A “home brew” recipe from 1852. Based on notes supplied in the text: The last of the Arctic voyages
The proportions used were essence of malt 120 lbs and of hops 4 lbs to fifty four gallons of water these were boiled together for two hours in the ship’s coppers and then put into a fifty six gallon cask which was placed for the purpose of obtaining the highest temperature in the ship steady at about 70 by the side of the funnel of the Sylvester warming apparatus In about eighteen hours after the temperature of the mixture had fallen to 90 when yeast was added and generally in a few minutes produced vigorous fermentation which was maintained for seven or eight days the froth being thrown off at the bung hole and received from a leather spout nailed on the side of the cask into a tub placed on the deck from which the cask was kept filled as it became necessary for the first two days almost every hour and afterwards at longer intervals as fermentation slackened As soon as it had ceased to work the cask was bunged up and removed to settle and fine for a fortnight it was then broached for issue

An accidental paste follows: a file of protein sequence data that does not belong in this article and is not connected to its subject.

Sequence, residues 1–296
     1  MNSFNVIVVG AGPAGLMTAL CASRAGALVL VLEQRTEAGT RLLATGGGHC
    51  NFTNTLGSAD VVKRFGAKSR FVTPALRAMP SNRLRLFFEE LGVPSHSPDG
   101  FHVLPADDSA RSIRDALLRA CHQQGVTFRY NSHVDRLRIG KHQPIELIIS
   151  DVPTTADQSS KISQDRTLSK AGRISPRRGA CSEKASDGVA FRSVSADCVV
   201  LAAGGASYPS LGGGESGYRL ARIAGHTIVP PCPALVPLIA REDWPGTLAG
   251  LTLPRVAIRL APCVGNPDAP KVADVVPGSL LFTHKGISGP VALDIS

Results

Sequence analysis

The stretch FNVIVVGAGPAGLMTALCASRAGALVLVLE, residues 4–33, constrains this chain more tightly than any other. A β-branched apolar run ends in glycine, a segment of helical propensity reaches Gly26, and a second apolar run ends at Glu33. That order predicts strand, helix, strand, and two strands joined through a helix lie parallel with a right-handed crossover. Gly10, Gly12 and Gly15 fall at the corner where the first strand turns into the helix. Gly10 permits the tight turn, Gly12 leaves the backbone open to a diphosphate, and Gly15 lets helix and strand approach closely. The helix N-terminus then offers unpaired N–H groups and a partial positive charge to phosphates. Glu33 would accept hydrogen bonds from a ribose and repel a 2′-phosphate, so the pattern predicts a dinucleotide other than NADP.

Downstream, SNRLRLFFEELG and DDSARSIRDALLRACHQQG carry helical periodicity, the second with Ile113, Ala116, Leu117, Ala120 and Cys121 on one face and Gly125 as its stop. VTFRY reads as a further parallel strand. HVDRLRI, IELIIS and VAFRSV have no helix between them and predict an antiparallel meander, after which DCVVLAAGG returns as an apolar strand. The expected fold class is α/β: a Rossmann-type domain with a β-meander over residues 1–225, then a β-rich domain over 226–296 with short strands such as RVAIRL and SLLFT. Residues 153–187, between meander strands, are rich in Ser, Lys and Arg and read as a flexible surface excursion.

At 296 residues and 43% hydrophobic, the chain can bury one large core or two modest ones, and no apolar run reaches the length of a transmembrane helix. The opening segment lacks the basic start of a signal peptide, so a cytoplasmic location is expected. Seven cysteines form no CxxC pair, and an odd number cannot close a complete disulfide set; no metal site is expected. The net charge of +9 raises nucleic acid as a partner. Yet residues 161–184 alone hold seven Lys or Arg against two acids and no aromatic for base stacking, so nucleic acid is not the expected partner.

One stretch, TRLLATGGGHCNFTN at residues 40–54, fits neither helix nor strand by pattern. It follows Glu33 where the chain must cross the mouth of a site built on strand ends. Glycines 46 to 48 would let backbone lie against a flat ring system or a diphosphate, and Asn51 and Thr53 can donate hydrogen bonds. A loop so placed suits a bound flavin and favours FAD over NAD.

The beer thus produced was highly prized and I think I may venture to state that both for strength and flavour it was all that could be desired.
- The recipe calls for “essence of malt”. Research from the time period shows that this refers to liquid extract.
- There is no indication if this is pale, or dark extract. We went with dark based on the color of Allsopp’s Arctic Ale which we know was also on board the expedition.
- The original recipe calls for 54 gallons. Considering 10% evaporation per hour gives us about 45 gallons in the